By Molly Zielenbach
AMSA State and Local Policy Coordinator
There’s an eerie similarity between election season and studying for med school exams. At the beginning, you’re in denial – plagued by memories of the stress, outrage, futility, and hopelessness you felt the last time, you pretend like election/test day isn’t staring at you from a distant but rapidly approaching future. Finally, though, something tips the scale and you begin to prepare. You pour your attention into diagrams, charts, “expert” testimonies (from pundits or your ever-wise classmates), and maybe you even start to care about the results. Then, as the day draws closer, you hit a wall. You’re in information overload. You just can’t care anymore.
So how do you get through the wall? For me, the answer is the same in both cases – I find something to keep me inspired. In the case of my impending cardio exam, it’s the joy in finally knowing why they’re always shouting “push more epi!” on Gray’s Anatomy (hey, whatever works, right?). In the case of the upcoming presidential election, it’s remembering that voting is a hard-won right, and a right that too many people in our society still have to fight for.
A large body of evidence tells us that social determinants of health – things like stable housing, clean air, safe neighborhoods, quality schools, access to healthy and affordable food, and good jobs – are the most important determinants of the diseases that bring us patients, and the effectiveness of our treatments. So what determines the social determinants? A major player is the history of discriminatory and unjust laws, policies, and budgets that have marginalized and disenfranchised huge segments of our country’s population, thereby directly and indirectly jeopardizing their health and wellbeing.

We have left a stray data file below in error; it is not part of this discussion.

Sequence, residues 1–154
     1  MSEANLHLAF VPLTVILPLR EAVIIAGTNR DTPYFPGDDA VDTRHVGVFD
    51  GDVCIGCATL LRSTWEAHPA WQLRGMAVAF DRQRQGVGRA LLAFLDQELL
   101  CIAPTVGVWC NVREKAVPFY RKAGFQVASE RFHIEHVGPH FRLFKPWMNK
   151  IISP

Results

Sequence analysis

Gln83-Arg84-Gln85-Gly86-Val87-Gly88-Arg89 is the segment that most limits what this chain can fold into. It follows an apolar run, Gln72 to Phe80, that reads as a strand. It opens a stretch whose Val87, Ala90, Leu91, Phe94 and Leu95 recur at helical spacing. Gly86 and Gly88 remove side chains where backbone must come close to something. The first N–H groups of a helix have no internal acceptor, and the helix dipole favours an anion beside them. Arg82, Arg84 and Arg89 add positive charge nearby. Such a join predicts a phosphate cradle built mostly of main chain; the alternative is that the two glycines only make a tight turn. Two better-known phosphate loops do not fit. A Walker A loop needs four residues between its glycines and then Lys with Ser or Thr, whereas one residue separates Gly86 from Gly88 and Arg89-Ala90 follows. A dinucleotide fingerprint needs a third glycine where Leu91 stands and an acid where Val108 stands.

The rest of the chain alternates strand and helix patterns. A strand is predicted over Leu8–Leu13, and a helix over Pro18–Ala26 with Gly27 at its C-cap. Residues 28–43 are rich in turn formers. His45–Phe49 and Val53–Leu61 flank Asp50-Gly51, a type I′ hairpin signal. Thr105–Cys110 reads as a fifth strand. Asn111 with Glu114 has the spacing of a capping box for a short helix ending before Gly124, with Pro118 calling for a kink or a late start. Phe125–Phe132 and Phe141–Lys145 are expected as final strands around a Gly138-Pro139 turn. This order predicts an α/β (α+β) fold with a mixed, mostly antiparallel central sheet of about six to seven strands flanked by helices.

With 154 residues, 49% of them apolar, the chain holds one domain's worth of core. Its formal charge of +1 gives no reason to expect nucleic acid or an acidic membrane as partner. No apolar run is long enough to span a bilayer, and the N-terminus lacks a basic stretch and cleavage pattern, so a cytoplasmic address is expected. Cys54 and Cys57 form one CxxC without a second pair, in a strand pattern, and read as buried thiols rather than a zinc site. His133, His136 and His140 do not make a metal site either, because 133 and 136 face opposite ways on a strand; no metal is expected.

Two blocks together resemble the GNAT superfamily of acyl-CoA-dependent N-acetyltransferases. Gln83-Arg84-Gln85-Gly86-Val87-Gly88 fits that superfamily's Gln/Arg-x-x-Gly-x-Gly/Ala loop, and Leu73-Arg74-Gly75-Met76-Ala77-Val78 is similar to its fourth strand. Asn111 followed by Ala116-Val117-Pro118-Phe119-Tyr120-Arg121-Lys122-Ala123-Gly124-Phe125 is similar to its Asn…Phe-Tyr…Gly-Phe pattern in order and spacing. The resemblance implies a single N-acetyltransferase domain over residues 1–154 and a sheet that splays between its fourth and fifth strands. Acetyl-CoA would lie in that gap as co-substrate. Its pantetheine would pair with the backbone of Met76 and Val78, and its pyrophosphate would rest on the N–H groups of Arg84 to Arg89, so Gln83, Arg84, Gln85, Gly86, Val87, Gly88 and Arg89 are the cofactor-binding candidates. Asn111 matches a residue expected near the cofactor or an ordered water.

By voting, we can put pressure on policymakers, both local and national, to promote the health and welfare of our communities. By standing up for voters’ rights and providing voter registration to disenfranchised communities, we amplify the voices of our patients and support them in advocating for their own health and welfare. So, here are a few simple steps we, as medical students and AMSA chapters, can take to promote health and justice for all:
1) Educate yourself, not just on the Presidential candidates, but on local candidates and policies also being decided on election day. Have your AMSA chapter host an event in the next month on a policy issue that will be affected by the election (keep in mind that AMSA is non-partisan so events should not endorse any specific candidates). And, most importantly, go vote!
2) Sign this petition sponsored by RxDemocracy! and the National Physicians Alliance to defend our communities from voter rights infringement. Check out rxdemocracy.org for more information on the link between health and civic engagement.
3) Host a community voter registration drive at your hospital. This is much easier than it sounds, and depending on where your school is, AMSA’s policy team can connect you with local organizations that may already be doing it. Please contact me (firstname.lastname@example.org) if you’re interested!
4) If you live in a state where restrictive voting policies are being enacted or contested, organize your fellow medical students and take a stand! This includes PA, TN, FL, OH, VA, and many others. Get in touch with AMSA’s policy team for more information on how to make your voice heard (again, email@example.com).
So get out there and make a difference, for yourself and your patients!